Bojagi image from the San Francisco Asian Art Museum
I had the pleasure of interviewing Joan Schoettler, author of Good Fortune in a Wrapping Cloth. This beautifully written and illustrated book is about a little girl named Ji-Su. When Ji-Su's mother is chosen by the emperor to be a seamstress in his court, Ji-Su vows to learn to sew the beautiful Korean bojagi, or wrapping cloths, just as well so that she will also be summoned to the palace and be reunited with her mother.
You can see our interview below:
Please share a little about yourself to our viewers.
Children's literature has played an important part in my life from reading to my children when they were young, to sharing wonderful stories to school age children as a literacy specialist, and to exposing credential students and teachers to outstanding books and ways these books can be incorporated in their classrooms. Teaching children's literature and storytelling at California State University, Fresno provides an opportunity to look closely at recently released books as well as to share books children return to again and again. Studying children's literature is a perfect partner with my writing.
I grew up just outside San Francisco, a city I return to frequently. I live in Central California with my husband where we raised three sons. Reading, writing, gardening, traveling, and being with family and friends fill my days.
Do I have any ties with the Korean culture?
I did not have any ties to the Korean culture, but as I began research for Good Fortune in a Wrapping Cloth, I met many Korean people who answered my questions, shared particular aspects of their culture with me, and invited me into their homes. Learning about other cultures is something I am easily drawn to and research is something I enjoy. I love the learning part of writing. As a result of my research and the publication of Ji-su's story, I have met Korean families, students, and scholars at Asian Art Museums in San Francisco and Pasadena, the San Francisco Museum of Craft and Folk Art, and at the Korean Education Foundation. Through this story my world has broadened.
What message do you want your book to send to its readers?
It's interesting because I don't think of a message to share with readers as I tell a story. Maybe it evolves naturally as the story is told. That's what I'm doing...sharing a story. Love and determination are the driving components in Ji-su's story. A child's longing to be with her/his mother is a universal desire. Good Fortune in a Wrapping Cloth shares that component in a Korean setting where Ji-su's perfection of sewing bojagi invites the reader to learn about another culture.
How did you come up with the story?
I first saw bojagi, or wrapping cloths, at a special Korean art exhibit at the San Francisco Asian Art Museum. These unique abstract works of art are often compared to Klee's modern art. The colors, designs, and intricate stitches amazed me.Toward the end of the exhibit, there was a contemporary bojagi created by Chunghie Lee, a world renowned fiber artist who created and dedicated a bojagi to all the anonymous women who spent tireless hours sewing bojagi for utilitarian purposes in their homes and in palaces for the wealthy to store and wrap their treasures. I felt these anonymous women and their art needed to be recognized and their story told.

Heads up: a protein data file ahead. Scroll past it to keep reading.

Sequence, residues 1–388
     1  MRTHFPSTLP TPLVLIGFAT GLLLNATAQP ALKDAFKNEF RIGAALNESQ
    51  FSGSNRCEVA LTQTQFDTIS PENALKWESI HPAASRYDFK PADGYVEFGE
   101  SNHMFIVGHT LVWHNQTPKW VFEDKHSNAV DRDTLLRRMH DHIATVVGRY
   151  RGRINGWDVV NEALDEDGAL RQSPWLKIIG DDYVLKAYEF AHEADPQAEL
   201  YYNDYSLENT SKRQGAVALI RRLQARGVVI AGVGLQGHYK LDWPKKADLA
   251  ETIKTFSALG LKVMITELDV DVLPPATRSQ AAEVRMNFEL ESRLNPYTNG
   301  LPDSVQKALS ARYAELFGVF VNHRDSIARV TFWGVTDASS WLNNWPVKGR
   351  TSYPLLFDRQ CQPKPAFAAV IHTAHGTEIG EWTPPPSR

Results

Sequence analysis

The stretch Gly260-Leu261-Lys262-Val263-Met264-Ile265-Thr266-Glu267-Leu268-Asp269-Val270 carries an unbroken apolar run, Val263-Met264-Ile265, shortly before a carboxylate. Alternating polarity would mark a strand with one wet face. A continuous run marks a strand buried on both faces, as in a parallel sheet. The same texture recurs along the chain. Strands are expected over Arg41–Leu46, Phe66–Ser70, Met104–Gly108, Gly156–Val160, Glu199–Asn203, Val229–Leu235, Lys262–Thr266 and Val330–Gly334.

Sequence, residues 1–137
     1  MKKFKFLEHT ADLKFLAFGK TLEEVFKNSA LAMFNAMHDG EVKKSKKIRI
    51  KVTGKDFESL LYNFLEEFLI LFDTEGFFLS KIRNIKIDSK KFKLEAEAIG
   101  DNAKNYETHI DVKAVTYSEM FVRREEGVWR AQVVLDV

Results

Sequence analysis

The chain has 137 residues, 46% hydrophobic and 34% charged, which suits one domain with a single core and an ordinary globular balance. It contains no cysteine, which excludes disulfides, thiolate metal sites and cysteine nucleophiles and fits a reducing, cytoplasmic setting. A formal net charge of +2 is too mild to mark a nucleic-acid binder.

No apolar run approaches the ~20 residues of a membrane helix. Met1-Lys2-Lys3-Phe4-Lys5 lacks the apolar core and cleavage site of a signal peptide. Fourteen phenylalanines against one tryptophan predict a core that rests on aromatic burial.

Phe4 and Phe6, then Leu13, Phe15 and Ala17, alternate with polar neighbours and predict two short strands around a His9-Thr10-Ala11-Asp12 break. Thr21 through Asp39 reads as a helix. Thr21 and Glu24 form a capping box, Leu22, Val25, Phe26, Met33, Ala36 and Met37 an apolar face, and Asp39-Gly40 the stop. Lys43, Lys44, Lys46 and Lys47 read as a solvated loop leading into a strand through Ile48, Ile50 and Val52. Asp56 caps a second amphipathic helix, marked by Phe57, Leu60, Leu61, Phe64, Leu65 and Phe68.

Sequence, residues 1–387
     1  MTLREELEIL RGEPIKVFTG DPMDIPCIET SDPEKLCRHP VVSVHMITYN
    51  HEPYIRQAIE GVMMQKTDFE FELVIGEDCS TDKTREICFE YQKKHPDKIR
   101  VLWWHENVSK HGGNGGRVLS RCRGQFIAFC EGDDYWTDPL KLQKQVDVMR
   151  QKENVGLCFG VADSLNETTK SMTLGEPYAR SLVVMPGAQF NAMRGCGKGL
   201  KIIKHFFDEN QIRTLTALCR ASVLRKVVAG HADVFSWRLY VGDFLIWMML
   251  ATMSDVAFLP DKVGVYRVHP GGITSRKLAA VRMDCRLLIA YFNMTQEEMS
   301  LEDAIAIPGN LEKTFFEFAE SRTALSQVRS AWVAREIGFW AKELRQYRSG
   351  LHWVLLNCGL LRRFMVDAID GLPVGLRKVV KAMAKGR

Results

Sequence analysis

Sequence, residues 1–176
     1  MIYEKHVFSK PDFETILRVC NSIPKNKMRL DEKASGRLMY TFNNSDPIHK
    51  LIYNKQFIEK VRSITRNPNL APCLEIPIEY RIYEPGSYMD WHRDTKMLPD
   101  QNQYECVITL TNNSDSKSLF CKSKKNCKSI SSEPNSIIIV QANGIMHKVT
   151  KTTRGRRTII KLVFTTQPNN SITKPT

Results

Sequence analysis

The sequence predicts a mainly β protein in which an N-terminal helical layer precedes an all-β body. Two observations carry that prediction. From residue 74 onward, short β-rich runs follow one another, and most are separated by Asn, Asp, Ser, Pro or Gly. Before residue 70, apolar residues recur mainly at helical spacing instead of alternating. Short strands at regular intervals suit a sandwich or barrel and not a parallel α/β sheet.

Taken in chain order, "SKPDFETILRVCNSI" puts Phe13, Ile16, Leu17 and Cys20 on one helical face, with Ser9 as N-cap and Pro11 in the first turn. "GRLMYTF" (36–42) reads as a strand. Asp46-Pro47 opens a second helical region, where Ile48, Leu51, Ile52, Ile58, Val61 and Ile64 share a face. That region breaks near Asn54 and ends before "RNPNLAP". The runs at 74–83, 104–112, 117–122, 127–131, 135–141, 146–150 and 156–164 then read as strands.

What age range would you suggest this book for?
My editor suggested the book for the 5-8 age group. It certainly works there, but I have shared it with older students and find them just as engaged and asking inquisitive questions to learn more about the bojagi and Korean culture. Even adults are contacting me with personal ways they are connecting with the story. It's all a wonderful surprise for me.
Do you plan on making more books?
Yes. Some stories are completed and others are in various stages of the writing process. I received the 2010 Sydney Taylor Manuscript Award for ON THE RUN, and hope to see Janna's story in print soon. Hopefully with the publication of Good Fortune in a Wrapping Cloth, other manuscripts will catch the eye of editors and reach the hands of children n the near future.
Is there anything else you want to share?
Jessica Lanan, my illustrator:
Renee Ting, my editor at Shen's Books, chose a talented, research driven, and wonderfully creative artist, Jessica Lanan, to illustrate my book. Jessica brought characters to life on the page in ways I never imagined, like the character of Gomo, Ji-su's great aunt, the cousins, and the cat. The way she revealed the setting amazed me and her research took her into of the Korean culture, learning about bojagi, and Korean family life. Jessica brought much to this story, and for that, I am very grateful.
We thank you Joan for this lovely interview and giving us your personal background and insight into your book, Good Fortune in a Wrapping Cloth.
Joan will be sponsoring a Giveaway of her book to our Little Seouls customers! She will also sign the book and personalize it with the winner's name!
If you want to enter the Good Fortune in a Wrapping Cloth Giveaway, please leave a comment on our blog here and tell us why you want this book. Winner will be randomly chosen and announced on Wednesday, May 30, 2012!